Finance: Trusts get bigger investing powers

Charitable trusts in Scotland have been granted more investment powers.

They will now be able to put money into a wider range of investments, including land and building, following the implementation of sections of last year's Charities and Trustee Investment (Scotland) Act. They are now also allowed to appoint external investment management firms to manage their investments.

There are about 3,600 charitable trusts in Scotland, according to the Office of the Scottish Charity Regulator, making up about 20 per cent of all charities.

The legislation also sets out the duty of care trustees must follow in exercising their new powers. They must take proper advice about their investments, select investment policies with care and review them.

Jane Ryder, chief executive of the OSCR, said: "I welcome these wider powers for trusts, which have been long awaited in Scotland. The new powers enable trustees to take advantage of a wider and more appropriate range of investments, and at the same time to adapt to modern expectations of their responsibilities."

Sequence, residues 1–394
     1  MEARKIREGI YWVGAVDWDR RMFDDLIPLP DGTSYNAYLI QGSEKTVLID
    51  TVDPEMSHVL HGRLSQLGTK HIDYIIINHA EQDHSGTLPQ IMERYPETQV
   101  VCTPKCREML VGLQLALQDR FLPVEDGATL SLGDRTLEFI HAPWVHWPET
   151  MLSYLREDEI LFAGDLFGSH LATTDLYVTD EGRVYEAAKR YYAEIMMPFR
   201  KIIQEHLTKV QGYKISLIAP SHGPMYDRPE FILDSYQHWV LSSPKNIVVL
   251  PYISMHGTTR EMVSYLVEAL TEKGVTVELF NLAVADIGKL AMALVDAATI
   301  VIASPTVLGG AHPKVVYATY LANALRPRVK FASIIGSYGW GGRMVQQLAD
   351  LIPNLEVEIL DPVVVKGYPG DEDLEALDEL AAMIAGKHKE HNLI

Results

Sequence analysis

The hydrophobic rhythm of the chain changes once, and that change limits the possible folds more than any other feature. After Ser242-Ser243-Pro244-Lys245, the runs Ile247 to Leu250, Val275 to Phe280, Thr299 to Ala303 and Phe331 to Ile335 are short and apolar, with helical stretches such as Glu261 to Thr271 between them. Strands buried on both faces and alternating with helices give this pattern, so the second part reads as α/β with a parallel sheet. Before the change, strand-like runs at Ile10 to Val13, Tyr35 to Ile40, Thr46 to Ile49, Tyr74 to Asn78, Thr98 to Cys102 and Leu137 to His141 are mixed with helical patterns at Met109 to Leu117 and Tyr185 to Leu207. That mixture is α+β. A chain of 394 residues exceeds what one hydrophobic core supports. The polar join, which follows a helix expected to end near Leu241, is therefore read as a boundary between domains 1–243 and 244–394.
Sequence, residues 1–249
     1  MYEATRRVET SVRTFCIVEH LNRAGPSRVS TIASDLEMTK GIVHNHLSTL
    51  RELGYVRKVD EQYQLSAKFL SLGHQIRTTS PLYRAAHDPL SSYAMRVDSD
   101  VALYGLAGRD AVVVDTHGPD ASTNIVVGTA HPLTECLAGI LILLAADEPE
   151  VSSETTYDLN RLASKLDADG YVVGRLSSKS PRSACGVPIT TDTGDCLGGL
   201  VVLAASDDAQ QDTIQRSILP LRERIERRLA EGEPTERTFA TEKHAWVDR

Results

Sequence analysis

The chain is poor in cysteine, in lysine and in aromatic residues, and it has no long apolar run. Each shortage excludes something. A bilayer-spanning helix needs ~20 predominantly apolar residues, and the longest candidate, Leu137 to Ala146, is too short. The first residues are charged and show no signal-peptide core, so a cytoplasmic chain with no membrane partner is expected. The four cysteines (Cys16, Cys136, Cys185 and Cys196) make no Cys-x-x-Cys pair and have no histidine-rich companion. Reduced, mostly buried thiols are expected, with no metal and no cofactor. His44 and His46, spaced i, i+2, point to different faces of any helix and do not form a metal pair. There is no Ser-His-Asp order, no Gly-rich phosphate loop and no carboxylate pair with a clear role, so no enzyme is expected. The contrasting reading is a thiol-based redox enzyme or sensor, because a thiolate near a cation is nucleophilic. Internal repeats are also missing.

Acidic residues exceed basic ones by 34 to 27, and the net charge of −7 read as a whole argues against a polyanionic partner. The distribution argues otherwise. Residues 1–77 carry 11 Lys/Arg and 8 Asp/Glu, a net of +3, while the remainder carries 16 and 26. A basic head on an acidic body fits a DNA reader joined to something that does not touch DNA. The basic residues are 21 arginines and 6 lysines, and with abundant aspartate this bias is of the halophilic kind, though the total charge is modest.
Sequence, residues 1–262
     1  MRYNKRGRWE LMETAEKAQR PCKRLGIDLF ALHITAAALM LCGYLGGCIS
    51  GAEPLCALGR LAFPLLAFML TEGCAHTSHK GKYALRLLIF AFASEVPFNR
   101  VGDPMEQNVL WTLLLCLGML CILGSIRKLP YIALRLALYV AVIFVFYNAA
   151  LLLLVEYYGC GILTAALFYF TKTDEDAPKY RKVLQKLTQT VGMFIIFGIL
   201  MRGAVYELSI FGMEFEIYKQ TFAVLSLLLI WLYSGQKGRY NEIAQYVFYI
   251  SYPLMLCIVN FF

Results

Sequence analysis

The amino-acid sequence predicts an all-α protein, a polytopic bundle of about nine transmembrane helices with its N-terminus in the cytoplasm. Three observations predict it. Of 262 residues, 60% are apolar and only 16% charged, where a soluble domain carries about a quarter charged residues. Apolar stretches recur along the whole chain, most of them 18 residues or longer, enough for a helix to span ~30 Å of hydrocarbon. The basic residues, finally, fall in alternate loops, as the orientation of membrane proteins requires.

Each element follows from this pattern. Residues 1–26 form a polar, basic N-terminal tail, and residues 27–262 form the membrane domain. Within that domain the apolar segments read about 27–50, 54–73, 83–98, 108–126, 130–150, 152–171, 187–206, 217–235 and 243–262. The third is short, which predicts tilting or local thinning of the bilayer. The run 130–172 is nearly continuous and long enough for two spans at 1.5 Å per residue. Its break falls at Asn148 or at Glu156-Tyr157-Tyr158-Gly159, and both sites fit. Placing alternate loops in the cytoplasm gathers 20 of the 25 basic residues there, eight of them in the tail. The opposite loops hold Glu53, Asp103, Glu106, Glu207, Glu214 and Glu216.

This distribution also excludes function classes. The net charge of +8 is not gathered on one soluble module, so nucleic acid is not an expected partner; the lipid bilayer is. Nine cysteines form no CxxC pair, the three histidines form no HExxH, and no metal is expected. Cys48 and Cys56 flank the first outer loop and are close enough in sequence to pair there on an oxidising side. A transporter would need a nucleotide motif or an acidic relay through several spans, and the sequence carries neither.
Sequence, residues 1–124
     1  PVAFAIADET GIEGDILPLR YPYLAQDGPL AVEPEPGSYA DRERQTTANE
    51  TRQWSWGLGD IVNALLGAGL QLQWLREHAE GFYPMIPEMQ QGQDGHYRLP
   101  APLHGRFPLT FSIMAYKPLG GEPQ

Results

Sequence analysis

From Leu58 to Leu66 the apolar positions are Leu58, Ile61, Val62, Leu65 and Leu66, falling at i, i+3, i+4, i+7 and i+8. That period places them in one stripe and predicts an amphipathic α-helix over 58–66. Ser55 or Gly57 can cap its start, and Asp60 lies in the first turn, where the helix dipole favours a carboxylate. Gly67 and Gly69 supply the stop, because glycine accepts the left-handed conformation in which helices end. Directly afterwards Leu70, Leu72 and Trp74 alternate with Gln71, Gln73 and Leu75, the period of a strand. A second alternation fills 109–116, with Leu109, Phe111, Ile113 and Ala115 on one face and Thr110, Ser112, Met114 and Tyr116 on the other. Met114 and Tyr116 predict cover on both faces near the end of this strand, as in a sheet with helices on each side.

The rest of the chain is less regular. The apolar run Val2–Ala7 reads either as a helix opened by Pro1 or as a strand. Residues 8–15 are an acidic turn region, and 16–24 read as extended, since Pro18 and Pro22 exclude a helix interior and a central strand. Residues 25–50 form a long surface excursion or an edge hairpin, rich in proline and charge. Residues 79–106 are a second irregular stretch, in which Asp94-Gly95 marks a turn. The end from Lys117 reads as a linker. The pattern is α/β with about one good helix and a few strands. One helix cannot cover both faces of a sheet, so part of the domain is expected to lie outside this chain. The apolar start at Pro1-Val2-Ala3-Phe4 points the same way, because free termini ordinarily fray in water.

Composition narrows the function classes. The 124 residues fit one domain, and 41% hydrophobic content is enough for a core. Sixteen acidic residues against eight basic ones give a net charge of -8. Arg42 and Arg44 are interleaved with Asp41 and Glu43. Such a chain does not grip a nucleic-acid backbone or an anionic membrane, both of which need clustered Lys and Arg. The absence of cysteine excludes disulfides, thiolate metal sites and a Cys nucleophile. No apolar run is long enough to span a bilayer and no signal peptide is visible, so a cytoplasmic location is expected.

Catriona Scrimgeour, convenor of the Scottish Charity Finance Directors' Group, said: "Charities will be able to better implement the requirements for stewardship of funds and, we hope, achieve better returns."

KEY POINTS

- Charitable trusts can now put their cash into a wider range of investments

- They can also use external investment management firms to handle their portfolios

- Trusts currently make up about 20 per cent of all charities in Scotland

- The Scottish Charities Act also outlines the duties of trustees in relation to investments, which include taking proper advice and carrying out reviews.

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